My political power panel is here with their thoughts. National Review political reporter, Jillian Melchior, democratic strategist, Basil Smikle. Welcome to you both. Jillian, is this poll realistic? I feel like there are a lot of abnormalities

JILLIAN MELCHIOR, NATIONAL REVIEW POLITICAL REPORTER: Yes. I mean, I think there is a lot of goodwill for Sanders right now. Hillary Clinton not being honest. All these scandals surrounding her. I think people are just open to an alternative and particularly in an election where you have candidates like Trump running who have such high unlikability. I can definitely see this being realistic.

BOLTON: Basil, if you look at the same poll with Hillary versus the other candidates, how worried should Hillary Clinton be about the fact that the only republican who would not beat her is Donald Trump.

BASIL SMIKLE, DEMOCRATIC STRATEGIST: Well, listen, I don't think she should be worried per se. We've always believed that even if, you know, if anybody would ask me I would have told you this is going to be a really tough race, not just in the democratic primary but even up against an unnamed republican.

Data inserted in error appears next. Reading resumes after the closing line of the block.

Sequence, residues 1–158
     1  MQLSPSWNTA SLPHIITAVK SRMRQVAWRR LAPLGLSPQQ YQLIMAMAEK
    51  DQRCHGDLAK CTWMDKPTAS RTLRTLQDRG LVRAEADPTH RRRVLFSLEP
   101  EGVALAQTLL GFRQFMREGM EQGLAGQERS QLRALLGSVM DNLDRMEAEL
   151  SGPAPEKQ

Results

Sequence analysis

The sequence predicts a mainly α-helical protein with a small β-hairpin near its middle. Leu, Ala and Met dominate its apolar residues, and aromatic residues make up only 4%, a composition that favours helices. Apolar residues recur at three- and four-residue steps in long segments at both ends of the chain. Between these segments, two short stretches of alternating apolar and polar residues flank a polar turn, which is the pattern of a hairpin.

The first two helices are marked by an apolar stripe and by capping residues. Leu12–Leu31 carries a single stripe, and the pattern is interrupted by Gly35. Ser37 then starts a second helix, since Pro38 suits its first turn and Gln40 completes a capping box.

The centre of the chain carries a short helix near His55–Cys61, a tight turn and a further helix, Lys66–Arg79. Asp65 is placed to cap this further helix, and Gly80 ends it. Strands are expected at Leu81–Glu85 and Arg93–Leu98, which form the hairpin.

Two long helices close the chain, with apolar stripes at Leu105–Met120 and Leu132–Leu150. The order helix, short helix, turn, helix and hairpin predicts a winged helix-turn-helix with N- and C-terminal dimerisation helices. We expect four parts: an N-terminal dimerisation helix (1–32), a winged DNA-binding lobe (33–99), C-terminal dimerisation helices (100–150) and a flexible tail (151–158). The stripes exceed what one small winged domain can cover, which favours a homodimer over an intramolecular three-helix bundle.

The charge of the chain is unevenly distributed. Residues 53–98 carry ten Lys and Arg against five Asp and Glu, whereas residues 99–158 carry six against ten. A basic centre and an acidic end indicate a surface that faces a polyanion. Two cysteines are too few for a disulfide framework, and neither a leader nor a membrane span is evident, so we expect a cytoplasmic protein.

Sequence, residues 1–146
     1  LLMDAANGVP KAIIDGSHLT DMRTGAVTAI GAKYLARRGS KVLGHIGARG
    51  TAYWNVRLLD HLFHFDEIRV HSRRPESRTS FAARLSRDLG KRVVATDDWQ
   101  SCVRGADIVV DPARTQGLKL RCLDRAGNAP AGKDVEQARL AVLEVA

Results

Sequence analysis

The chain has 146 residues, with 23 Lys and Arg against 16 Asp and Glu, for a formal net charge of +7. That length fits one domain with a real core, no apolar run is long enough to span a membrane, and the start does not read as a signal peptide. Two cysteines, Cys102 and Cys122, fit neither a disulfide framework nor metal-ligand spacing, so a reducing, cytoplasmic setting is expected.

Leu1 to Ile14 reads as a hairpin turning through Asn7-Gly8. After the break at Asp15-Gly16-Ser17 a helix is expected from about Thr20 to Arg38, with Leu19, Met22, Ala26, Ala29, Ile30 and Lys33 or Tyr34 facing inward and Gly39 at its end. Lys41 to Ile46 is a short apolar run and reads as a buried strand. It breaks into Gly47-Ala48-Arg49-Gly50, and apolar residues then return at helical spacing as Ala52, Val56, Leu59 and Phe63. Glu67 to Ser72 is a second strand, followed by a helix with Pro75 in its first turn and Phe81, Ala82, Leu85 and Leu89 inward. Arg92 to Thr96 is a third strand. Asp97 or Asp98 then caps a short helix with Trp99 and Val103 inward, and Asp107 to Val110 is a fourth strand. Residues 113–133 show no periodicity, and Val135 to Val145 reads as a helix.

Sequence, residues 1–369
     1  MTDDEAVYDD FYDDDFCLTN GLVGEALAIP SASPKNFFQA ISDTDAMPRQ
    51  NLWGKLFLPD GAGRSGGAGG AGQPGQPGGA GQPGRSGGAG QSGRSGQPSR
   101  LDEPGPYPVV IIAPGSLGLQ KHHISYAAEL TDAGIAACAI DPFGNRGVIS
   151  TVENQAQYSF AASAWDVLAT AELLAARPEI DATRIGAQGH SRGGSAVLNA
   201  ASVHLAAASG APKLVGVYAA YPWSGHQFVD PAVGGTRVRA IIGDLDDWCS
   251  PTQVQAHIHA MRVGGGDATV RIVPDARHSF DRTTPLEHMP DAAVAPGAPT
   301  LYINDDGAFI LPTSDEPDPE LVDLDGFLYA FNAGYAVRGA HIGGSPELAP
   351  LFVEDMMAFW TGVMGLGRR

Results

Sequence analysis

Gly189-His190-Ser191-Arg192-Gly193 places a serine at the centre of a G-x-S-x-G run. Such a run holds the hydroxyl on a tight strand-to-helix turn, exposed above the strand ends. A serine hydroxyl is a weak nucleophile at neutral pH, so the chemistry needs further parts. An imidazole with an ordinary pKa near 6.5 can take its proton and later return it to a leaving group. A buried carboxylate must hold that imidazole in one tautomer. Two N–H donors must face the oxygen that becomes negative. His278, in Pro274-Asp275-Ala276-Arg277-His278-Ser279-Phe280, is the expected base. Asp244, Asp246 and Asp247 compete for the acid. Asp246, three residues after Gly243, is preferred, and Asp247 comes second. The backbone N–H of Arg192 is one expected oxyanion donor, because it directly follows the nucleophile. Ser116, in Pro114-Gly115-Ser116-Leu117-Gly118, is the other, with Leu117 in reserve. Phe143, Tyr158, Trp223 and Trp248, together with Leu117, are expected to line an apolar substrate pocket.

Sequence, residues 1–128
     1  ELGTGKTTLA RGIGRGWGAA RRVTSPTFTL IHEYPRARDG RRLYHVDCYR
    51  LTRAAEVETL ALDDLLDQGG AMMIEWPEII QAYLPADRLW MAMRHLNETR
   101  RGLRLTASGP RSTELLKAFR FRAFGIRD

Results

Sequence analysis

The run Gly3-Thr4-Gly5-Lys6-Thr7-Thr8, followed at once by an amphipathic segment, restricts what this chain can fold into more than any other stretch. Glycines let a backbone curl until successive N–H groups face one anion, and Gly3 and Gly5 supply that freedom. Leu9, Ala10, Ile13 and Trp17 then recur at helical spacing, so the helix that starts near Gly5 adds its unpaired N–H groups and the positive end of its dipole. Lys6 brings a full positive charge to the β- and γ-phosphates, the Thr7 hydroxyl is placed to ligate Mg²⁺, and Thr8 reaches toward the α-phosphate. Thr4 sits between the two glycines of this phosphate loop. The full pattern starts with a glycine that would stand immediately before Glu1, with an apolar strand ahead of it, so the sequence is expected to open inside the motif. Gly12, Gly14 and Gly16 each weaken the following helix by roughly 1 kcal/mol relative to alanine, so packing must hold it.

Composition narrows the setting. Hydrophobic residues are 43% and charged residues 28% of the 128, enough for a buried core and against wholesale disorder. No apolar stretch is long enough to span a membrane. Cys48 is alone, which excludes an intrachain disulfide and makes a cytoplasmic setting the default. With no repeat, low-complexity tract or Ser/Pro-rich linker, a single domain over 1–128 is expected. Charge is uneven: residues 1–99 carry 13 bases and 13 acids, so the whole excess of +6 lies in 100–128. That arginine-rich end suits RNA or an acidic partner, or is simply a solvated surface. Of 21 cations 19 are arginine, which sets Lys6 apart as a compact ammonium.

But the truth to the matter is that as we get closer and closer and as I think voters start looking at the folks that are running and their potential solutions for the country. I think that Hillary Clinton's points of view and perspective is going to win at the end of the day. I don't think she is scandal driven. And I think the issue here is experience.

MELCHIOR: You don't think she is scandal driven?

SMIKLE: I don't think she is scandal driven. I wouldn't say that that I wouldn't say that.


BOLTON: Let me ask you back to some numbers...


BOLTON: ... because that is debatable. And I want to get to these figures. Because five left-leaning economists say there are problems with the spending plan of the democratic socialist Senator Sanders.

Austan Goolsbee says the numbers don't remotely add up. The former chairman of Obama's council says the plan is like rainbows and magic flying puppies with winning lotto tickets to their colors.